Marsala wines, SicilyThe wine Marsala

is registered as a DOC wine (a Sate-designated label of controlled quality); this means that production is restricted to an ewxlusive area around Trapani, and a collection of additional vineyards in the provinces of Agrigento and Palermo. Only grape varieties with a high natural sugar content are used to make Marsala: these, once pressed, are left to ferment, and/or caramelise, before being blended with ethyl alcohol to produce the different types and flavours of Marsala. Relative to the sugar content, Marsala may be categorised as dry, semi-dry or sweet. Its main denomination, however, is relative to the length of time it is left to mature: Marsala Fine (1 year), Superiore (2 years), Superiore Riserva (4 years), Vergine (5 years) and Vergine Riserva (10 years). Dry Marsala is usually served as refreshing aperitif (below 10 C) while the sweeter forms are drunk as a dessert wine (no more than 18 C).

Veal medallions with a flamed Marsala sauce recipe.

What do you need for Marsala sauce: 12 veal scallops, pounded out thin; 1/4 cup Parmesan cheese, grated; 1 ounce butter cut into small pieces; 1/2 medium lemon, squeezed for juice; 1/3 cup dry Marsala; 1 teaspoon parsley, chopped
How to do Marsala sauce: In the kitchen place veal medallions between two sheets of heavy plastic wrap and flatten to 1/4-inch thickness. Coat veal lightly with parmesan chease, remove veal and place on a plate. Light the burner and adjust the control to moderate heat. Place the flambe pan on the burner and add butter. When butter melts, saute veal medallions and brown lightly on both sides. Squeeze the lemon juice through a clean white napkin, over the veal. Add Marsala wine, ignite and cook for 1 minute, turning veal several times, mixing the sauce thoroughly. Arrange 4 veal medallions on each plate. Cover with sauce. Sprinkle with chopped parsley and serve. Prearrange your favorite starch and vegetables on dinner table family style before putting on a show.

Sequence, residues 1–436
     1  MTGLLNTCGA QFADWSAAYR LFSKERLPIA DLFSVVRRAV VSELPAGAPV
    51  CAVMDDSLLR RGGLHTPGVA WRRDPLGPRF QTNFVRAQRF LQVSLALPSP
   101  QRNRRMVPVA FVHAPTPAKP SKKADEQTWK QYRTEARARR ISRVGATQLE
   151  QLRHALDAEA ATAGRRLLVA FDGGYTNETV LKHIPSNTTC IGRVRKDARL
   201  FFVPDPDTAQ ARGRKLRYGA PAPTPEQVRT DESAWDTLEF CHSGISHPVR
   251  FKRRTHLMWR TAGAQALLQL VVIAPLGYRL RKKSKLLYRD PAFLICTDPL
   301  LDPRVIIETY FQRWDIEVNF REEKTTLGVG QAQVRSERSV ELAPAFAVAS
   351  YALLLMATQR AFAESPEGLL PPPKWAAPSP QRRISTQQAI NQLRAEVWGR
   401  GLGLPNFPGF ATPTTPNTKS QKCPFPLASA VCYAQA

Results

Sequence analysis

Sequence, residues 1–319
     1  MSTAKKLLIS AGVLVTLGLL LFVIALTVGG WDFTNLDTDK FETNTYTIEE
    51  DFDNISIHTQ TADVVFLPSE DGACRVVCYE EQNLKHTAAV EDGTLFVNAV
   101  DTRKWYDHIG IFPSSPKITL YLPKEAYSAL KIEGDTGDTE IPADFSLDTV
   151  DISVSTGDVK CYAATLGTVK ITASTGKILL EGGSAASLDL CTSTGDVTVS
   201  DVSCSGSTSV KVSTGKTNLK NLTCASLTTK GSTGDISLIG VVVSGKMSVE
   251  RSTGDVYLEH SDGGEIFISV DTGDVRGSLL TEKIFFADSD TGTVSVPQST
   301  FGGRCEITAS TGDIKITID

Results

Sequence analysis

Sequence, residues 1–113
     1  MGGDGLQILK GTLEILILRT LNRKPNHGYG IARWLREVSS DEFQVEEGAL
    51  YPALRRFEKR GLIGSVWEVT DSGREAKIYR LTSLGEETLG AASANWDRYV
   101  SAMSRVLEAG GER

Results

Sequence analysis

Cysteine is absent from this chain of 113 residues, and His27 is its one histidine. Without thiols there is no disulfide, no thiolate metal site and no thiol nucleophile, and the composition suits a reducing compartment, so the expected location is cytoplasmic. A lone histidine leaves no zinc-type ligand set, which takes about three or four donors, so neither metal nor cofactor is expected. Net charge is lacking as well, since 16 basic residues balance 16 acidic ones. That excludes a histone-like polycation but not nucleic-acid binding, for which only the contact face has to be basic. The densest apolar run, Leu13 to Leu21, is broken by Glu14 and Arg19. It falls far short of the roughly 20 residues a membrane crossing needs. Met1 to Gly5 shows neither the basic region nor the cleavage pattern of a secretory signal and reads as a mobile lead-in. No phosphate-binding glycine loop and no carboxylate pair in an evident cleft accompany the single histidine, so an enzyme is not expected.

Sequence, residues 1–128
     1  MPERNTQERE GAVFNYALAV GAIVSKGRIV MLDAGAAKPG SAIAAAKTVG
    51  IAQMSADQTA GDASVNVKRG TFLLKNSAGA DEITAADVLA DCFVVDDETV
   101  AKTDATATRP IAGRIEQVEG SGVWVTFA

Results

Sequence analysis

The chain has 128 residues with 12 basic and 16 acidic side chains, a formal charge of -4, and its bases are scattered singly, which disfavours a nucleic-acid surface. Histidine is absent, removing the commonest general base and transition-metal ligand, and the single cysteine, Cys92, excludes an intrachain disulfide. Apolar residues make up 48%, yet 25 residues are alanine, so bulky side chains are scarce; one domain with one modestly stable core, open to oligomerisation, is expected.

Chiken marsala recipe

50g butter, 1.1kg chicken pieces, flour, peper salt, 2 onions. 1 tablespoon grated green ginger, 2 cups water, 2 chicken stock cubes
¼ cup marsala,¼ cup cream. 2 tablespoons chopped parsley Lighly coat the chicken pieces in flour seasoned with salt and pepper. Melt the butter in a hot pan. Lightly brown the chicken pieces then remove them from the pan. They will cook in the Marsala sauce! Add peeled and finely chopped onions and ginger to the pan them over medium heat until the onions are transparent. Add water, crumbled stock cubes and Marsala wine. Bring the sauce to the boil; reduce the heat; return the chicken pieces to the pan, cover; simmer, stirring occasionally, for 30-45 minutes or until the chicken is cooked. Remove the chicken from the pan, bring the sauce to the boil, stirring until it has reduced slightly. Reduce the heat, stir in the cream and parsley and pour over the chicken. Serve with your favorite side dishes - from pasta, bread to potato with vegetables or salad.